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5.3.2 Fundamental Particles PowerPoint PPT Presentation


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5.3.2 Fundamental Particles. (a) explain that since protons and neutrons contain charged constituents called quarks they are, therefore, not fundamental particles. Fundamental particles. Until mid-20 th century, it was though that all atoms consisted of electrons, protons and neutrons

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5.3.2 Fundamental Particles

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5.3.2 Fundamental Particles


(a) explain that since protons and neutrons contain charged constituents called quarks they are, therefore, not fundamental particles


Fundamental particles

  • Until mid-20th century, it was though that all atoms consisted of electrons, protons and neutrons

  • Due to the increasing sophistication of the particle accelerator, and increased sensitivity of equipment measuring cosmic rays, more and more particles were being discovered

  • Eventually, this “particle zoo” was arranged in a more orderly way


Video

Fundamental Particles

CERN Standard model


(b) describe a simple quark model of hadrons in terms of up, down and strange quarks and their respective antiquarks, taking into account their charge, baryon number and strangeness;


Simple model

Atom

Hadrons

Leptons

Not affected by the strong nuclear force

Affected by the strong nuclear force

Electrons

Neutrinos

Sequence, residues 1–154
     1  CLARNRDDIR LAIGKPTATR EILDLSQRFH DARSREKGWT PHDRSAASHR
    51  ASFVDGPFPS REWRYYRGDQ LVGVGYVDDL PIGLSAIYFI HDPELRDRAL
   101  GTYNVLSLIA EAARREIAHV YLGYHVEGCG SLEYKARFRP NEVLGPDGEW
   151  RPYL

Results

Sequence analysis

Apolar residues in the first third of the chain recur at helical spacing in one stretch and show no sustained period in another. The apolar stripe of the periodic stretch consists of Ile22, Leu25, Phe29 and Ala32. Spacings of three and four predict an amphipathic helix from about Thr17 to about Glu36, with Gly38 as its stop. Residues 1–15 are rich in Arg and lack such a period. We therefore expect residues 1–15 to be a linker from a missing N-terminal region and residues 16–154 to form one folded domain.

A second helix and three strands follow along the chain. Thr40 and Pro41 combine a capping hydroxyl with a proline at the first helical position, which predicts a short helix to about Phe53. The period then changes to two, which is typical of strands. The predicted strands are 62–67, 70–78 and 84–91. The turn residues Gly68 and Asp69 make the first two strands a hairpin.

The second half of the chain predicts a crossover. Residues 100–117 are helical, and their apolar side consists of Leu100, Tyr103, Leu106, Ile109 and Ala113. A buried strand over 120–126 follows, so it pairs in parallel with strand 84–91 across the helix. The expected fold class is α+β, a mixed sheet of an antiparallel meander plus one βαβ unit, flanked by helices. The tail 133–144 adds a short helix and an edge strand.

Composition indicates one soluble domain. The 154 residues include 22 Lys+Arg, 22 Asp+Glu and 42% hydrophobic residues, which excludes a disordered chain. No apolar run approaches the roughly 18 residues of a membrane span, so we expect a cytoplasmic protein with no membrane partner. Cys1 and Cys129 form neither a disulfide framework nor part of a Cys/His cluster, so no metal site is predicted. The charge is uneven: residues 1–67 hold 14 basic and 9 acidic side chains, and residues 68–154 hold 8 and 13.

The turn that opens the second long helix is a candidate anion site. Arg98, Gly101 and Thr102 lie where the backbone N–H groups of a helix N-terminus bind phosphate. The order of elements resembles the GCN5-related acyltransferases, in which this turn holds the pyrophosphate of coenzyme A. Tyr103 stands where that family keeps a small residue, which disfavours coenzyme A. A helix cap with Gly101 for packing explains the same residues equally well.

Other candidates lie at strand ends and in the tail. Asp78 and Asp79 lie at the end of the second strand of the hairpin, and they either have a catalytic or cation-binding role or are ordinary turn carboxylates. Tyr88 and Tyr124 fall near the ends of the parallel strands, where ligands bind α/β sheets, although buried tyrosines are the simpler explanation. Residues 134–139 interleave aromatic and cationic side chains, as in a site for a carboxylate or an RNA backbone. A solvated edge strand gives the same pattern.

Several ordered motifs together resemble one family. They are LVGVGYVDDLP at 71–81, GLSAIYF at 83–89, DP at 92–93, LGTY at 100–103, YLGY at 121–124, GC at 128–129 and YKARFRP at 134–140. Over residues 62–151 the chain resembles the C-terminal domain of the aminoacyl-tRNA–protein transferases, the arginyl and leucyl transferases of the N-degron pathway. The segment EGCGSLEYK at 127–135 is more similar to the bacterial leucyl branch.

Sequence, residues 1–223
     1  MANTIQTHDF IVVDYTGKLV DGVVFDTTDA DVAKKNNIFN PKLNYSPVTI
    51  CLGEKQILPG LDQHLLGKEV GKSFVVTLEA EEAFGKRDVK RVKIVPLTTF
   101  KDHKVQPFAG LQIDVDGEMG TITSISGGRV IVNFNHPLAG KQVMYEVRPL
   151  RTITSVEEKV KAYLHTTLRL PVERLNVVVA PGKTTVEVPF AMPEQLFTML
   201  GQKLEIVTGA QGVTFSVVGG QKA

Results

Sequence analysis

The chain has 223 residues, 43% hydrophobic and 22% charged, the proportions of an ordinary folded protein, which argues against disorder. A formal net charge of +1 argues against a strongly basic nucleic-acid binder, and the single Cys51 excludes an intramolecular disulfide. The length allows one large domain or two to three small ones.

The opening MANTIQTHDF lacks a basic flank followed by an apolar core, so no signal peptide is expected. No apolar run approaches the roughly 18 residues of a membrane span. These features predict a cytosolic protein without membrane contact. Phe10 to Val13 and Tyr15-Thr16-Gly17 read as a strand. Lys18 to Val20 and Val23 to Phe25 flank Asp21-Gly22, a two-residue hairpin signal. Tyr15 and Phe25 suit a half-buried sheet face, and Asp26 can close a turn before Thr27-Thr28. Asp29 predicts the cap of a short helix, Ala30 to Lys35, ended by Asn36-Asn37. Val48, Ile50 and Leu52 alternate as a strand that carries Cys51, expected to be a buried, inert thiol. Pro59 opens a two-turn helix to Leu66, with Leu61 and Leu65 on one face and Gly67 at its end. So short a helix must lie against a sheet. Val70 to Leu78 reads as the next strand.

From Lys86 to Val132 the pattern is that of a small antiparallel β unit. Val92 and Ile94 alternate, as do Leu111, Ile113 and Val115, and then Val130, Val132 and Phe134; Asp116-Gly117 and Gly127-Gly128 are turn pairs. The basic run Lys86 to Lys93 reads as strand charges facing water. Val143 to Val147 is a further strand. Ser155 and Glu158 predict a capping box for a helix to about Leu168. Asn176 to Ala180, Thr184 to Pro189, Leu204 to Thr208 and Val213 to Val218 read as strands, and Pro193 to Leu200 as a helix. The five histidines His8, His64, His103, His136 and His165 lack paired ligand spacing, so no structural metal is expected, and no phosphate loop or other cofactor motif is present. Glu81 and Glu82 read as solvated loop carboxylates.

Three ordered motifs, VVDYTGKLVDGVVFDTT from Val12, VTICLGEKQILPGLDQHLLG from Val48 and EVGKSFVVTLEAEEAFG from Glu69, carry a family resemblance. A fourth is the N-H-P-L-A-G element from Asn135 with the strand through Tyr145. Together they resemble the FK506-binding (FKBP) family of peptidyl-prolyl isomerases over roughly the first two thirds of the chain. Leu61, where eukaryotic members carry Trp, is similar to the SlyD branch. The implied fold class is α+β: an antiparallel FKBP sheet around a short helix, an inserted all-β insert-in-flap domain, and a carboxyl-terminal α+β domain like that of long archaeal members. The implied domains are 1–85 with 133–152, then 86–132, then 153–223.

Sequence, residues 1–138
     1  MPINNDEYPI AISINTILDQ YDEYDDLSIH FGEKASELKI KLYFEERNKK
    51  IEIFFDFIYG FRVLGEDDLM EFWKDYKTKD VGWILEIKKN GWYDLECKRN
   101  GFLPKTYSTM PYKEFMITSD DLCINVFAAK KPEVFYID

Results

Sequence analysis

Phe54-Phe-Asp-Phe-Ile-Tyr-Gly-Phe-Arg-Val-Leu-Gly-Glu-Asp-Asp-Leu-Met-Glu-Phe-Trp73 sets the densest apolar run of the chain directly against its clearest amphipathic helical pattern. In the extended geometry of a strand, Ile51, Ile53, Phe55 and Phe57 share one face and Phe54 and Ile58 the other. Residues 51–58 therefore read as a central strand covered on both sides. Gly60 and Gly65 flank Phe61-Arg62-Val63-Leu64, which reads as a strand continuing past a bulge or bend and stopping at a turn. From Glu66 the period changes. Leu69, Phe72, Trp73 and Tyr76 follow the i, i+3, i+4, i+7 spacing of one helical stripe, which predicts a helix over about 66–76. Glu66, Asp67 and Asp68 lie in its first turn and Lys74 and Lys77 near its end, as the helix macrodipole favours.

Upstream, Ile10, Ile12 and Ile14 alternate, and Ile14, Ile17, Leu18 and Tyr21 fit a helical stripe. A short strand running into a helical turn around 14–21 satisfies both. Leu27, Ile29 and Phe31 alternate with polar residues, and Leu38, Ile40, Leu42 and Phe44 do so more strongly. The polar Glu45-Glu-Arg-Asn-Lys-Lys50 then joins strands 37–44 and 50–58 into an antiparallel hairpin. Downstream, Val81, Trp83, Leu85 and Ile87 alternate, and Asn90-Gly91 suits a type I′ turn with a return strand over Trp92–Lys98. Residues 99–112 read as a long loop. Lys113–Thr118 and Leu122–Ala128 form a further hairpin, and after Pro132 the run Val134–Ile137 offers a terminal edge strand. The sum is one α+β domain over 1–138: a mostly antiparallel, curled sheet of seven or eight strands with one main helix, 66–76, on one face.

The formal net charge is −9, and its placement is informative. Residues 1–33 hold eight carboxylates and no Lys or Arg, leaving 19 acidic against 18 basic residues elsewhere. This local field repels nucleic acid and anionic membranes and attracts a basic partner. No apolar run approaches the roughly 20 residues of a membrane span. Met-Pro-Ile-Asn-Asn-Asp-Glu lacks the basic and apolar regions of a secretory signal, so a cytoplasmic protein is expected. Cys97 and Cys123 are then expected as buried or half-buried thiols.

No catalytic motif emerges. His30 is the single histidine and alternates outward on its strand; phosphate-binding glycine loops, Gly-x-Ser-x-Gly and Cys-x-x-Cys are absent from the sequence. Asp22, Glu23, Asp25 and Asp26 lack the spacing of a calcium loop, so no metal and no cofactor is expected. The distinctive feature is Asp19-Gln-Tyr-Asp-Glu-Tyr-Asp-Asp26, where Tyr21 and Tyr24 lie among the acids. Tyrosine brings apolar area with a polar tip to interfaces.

Protons

Neutrons

Quarks


Fermions


(d) describe the properties of neutrons and protons in terms of a simple quark model


Properties of neutrons and protons

Proton

Neutron

u d d

u u d


Properties of neutrons and protons

  • Proton

    • uud

    • total charge = ⅔ + ⅔ - ⅓ = 1

  • Neutron

    • udd

    • total charge = ⅔ - ⅓ - ⅓ = 0


(e) describe how there is a weak interaction between quarks and that this is responsible for β decay


β decay

  • Nucleus is held together by the strong nuclear force

  • This explains α decay, but not β decay

  • There is another force, the weak interaction or weak nuclear force

  • Acts on quarks and leptons

  • Responsible for β decay


(f) state that there are two types of β decay

(i) state that a β- particle is an electron and a β+particle is a positron


β decay

  • There are two types of β decay:

  • Beta-minus (β-)

    • electron

    • negative charge –e

  • Beta-plus (β+)

    • positron

    • positive charge +e


(g) describe the two types of β decay in terms of a simple quark model;

(h) state that (electron) neutrinos and electron) antineutrinos are produced during β+ and β-decays, respectively


β-decay

Electron

Anti-neutrino

In β- decay a neutron is changed into a proton, in other words uddchanges into uud. A d changing to a u can only happen through the weak interaction.


β+decay

Electron

neutrino

In β+ decay a proton is changed into a neutron, in other words uudchanges into udd. A u changing to a d can only happen through the weak interaction.


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